Creating a company culture that promotes excellence and commitment is a critical requirement for startups. However, the term “Human Resources,” or “Human Resources Management,” frequently conjures up negative stereotypes and can be viewed as a necessary evil. In spite of its occasional bad reputation, in cases where “HR” is part of an overall vision for a company’s success, it can be at the heart of promoting growth, profitability and longevity. I believe the topic of creating effective management practices and excellence (of “HR” for short) deserves in-depth consideration and discussion. In my opinion, Human Resources should be viewed as an opportunity for a company to maximize its goals of productivity, success, employee loyalty and stability — all of which lie at the center of the culture of the organization. Numerous experts have recently discussed how the most powerful women in business achieve excellence. This has been led by Sheryl Sandberg’s book “Lean In.” While many emphasize the intelligence, skills and networking abilities of these leaders, it goes further. In general these women shared a common quality — that of seeking out and taking advantage of opportunities and encouraging people in exciting environments rather than the approach adopted by managers in many traditional companies. This raises an important question about how to create effective Management practices and excellence throughout your company. In other words… how can you stimulate excellence?
Essential Elements of Effective Management Practices
- Effective Management Practices are like many things in life and business — they don’t happen by accident. This is especially true for managers of startup companies where employee motivation and productivity are so highly-critical. Understanding the expertise of every member of a company is critical to a startup’s success.
There is a saying that rings true in this regard: “If it’s not your Genius… it’s not your Job.” Virtually every success story in startups involves having great people in key positions. In contrast, every failure usually involves poor performance. My own advice is that you can’t reward great people too much and by the same token, you need to avoid having mediocre or poor performers involved, even those who are outside resources. Just think of it — you generally don’t want to sell the cheapest product. Well, don’t hire the cheapest staff. An example from Google illustrates the importance of taking care of good people. Google was having a significant problem with highly qualified young women leaving at very high rates. After careful research, they found Google did not have competitive maternity benefits all over the U.S. They changed the plan so new mothers would now get five months off at full pay and full benefits, and they were allowed to split up that time however they wished. The change more than solved the problem, except for Melissa Myers who left Google to become President of Yahoo. However, she got maternity leave in the first few weeks of joining Yahoo, and instituted a similar policy as Google at Yahoo.[pullquote]Rewarding excellence, demonstrating respect, and being flexible are key elements of effective management practices which lead to excellence. [/pullquote] Following are some of the other lessons I have learned and observed:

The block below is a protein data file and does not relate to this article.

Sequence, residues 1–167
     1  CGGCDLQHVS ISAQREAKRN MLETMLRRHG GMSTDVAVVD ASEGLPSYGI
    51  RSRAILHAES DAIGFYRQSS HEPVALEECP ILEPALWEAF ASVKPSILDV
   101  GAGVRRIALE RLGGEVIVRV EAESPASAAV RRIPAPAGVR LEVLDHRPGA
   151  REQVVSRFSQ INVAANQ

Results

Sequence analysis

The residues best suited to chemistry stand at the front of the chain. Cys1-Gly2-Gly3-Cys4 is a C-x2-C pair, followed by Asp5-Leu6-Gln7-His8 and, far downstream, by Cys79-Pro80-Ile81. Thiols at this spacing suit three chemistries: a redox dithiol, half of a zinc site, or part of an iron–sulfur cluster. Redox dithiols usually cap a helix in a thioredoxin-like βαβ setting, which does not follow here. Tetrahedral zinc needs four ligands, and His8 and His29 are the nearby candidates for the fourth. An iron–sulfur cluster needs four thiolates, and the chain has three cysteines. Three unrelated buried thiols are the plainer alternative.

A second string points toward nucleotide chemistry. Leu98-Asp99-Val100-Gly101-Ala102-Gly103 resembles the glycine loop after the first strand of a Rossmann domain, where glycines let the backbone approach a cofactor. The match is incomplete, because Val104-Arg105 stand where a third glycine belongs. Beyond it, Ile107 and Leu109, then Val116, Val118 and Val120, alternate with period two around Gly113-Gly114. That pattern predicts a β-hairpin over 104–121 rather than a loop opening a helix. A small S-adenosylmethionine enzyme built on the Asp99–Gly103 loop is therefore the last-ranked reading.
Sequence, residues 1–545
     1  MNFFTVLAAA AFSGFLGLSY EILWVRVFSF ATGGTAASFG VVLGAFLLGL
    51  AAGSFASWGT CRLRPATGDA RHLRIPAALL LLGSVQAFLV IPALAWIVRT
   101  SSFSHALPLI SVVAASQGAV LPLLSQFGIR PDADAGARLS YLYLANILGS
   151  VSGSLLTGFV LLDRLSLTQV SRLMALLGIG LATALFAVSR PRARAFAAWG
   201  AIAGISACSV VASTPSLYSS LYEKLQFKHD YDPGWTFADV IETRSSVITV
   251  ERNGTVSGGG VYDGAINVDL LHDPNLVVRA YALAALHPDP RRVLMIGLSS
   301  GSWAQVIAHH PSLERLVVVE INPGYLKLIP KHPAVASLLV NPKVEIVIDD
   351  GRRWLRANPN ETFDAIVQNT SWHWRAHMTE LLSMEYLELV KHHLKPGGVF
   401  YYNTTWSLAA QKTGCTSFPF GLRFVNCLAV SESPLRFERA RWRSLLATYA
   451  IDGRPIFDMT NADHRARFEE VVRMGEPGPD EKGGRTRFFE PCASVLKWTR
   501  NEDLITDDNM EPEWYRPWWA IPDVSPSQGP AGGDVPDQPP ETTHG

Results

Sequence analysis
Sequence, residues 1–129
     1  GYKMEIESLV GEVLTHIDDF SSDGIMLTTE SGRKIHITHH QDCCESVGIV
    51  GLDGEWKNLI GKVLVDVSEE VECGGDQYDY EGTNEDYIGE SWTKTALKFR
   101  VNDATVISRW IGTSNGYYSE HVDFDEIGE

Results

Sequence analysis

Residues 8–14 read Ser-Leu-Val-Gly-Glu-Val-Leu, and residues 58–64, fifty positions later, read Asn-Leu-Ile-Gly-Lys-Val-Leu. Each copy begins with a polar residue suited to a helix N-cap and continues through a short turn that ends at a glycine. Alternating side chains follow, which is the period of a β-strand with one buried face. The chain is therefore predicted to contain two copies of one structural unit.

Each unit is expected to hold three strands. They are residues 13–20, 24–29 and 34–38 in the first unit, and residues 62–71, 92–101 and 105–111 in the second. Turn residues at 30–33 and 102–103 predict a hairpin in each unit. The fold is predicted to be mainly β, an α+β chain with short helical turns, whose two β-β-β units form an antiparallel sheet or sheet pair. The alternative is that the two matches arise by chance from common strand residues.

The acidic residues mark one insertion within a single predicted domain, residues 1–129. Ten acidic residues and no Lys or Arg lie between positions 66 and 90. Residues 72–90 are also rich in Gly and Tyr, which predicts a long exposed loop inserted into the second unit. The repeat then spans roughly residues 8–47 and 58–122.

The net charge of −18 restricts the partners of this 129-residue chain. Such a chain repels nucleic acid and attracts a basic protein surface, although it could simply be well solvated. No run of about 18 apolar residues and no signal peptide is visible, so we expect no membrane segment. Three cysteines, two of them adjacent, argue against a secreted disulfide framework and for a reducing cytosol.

- Empowering employees both encourages satisfied customers and motivates employees with the confidence that they can experience success.
- Respecting and helping staff goes a long way. Assistance in the form of best practices, information guide books, incentives, and resources like time, efficient computers and programming can all increase the respect for your organization. Simple gestures such as “Thank you”, “Please” and cordial get-togethers can help create the culture you want.